Mousaion - Volume 24, Issue 2, 2006
Volumes & issues
Volume 24, Issue 2, 2006
AIDS in South Africa : a bibliometric study on HIV / AIDS literature in South Africa from 1982 to 2002Source: Mousaion 24, pp 185 –210 (2006)More Less
The pandemic of HIV / AIDS has been felt by nations throughout the world. This epidemic imposes a strain on the already limited resources of a country and, therefore, a better understanding of the disease is continuously being sought. This research aims to help the information requirements of HIV / AIDS researchers in the country through a bibliometric study.
This study consisted of an investigation into the patterns of authorship and the publications of academic institutions in the sciences, medical institutions and affiliated organisations in South Africa. The focus was on HIV / AIDS literature for the period 1982-2002. Published literature in the sciences and medicine from two internationally recognised databases were used for the assessment. These were: ISI Science Citation Index Expanded and MEDLINE (OVID).
A total of 2 281 records formed the basis of the analysis. The results of the study demonstrate exponential growth in the literature (as might be expected). Because of the multidisciplinary nature of the disease, research is scattered in a variety of discipline-based journals. South African researchers publish mainly in journals and the South African Medical Journal is the most productive in the field of HIV / AIDS. It is evident that there is a certain amount of collaboration in the research work on this subject. The results also demonstrate that South African researchers are fast becoming internationally recognised in the field of HIV / AIDS research. The Medical Research Council emerged as the leader in South Africa's research efforts on HIV / AIDS. Of the academic institutions, the University of the Witwatersrand is the most productive institution, followed by the then University of Natal.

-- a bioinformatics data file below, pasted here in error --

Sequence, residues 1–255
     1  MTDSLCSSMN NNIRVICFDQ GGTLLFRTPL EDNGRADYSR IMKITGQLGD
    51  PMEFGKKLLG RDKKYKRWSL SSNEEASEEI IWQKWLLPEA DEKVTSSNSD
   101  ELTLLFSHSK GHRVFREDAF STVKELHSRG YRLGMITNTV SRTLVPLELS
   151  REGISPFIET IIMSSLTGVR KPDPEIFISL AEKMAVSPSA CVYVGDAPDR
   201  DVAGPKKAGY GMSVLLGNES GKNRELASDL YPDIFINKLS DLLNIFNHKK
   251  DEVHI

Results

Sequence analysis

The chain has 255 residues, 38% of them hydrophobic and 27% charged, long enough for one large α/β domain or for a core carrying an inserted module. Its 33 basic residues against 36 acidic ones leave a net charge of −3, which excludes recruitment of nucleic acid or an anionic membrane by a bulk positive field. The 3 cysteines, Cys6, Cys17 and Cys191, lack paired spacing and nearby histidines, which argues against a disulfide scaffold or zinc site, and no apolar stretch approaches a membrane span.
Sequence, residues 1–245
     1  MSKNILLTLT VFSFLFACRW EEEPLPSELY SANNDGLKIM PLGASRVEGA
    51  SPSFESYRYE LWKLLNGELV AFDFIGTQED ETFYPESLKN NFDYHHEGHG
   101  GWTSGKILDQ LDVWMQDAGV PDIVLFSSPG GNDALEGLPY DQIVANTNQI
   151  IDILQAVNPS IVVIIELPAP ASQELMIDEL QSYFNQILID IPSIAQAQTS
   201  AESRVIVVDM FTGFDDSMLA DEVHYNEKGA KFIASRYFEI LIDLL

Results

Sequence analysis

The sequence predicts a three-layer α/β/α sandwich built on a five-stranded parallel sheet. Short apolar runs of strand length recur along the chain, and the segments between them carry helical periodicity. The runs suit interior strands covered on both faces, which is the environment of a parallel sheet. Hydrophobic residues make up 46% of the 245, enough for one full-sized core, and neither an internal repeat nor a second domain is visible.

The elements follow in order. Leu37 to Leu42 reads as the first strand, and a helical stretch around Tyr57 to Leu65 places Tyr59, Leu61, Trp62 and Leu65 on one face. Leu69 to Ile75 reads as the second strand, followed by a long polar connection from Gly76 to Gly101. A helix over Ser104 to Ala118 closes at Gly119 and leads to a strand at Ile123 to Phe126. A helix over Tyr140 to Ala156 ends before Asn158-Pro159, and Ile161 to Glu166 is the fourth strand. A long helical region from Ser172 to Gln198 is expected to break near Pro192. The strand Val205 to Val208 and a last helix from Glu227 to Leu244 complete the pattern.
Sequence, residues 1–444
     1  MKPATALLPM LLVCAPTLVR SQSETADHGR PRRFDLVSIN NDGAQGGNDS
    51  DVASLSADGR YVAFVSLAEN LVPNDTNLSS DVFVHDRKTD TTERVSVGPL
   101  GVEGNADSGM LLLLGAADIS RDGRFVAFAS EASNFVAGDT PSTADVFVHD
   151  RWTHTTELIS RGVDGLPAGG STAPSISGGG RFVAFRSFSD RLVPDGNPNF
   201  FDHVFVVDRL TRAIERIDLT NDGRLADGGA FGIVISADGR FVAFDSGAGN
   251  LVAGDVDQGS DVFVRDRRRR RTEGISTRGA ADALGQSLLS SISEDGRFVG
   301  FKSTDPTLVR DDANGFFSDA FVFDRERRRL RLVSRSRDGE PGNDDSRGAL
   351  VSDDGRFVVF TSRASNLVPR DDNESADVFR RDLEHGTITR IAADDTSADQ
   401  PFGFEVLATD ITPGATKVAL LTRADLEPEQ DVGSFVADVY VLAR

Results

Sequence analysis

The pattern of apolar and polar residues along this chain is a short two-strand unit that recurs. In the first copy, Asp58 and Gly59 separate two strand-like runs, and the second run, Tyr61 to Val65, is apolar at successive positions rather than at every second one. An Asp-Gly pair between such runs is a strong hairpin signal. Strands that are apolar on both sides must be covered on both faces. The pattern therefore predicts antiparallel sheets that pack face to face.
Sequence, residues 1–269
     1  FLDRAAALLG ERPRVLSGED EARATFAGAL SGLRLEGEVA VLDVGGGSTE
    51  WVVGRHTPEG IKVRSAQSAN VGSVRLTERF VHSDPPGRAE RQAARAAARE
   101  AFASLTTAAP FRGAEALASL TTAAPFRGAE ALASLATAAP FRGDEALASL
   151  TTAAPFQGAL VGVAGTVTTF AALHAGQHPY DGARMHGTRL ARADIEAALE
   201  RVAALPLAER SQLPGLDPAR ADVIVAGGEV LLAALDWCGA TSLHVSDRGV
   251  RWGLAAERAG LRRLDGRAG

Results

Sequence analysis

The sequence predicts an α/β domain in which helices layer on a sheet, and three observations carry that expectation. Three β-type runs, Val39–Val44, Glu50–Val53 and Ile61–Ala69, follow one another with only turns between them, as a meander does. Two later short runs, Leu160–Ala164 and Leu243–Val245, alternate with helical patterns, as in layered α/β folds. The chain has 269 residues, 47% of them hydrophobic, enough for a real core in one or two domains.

Source: Mousaion 24, pp 211 –231 (2006)More Less
The Constitution of South Africa recognises the multicultural nature of its citizens by stating that the South African nation consists of a diversity of cultural, religious and linguistic communities where everyone has the right to use the language and to participate in the cultural life of their choice (South Africa, 1996).
As a public enterprise, public libraries need to acknowledge the Constitution and provide products and services that support the cultural, religious and linguistic diversity of South Africa's communities (LIASA Policies 2005). A study into the services and products offered by public libraries, specifically in Region Eight of the City of Johannesburg Library and Information Services (CJLIS), examined the role that public libraries are playing in supporting the multicultural nature of the communities they serve.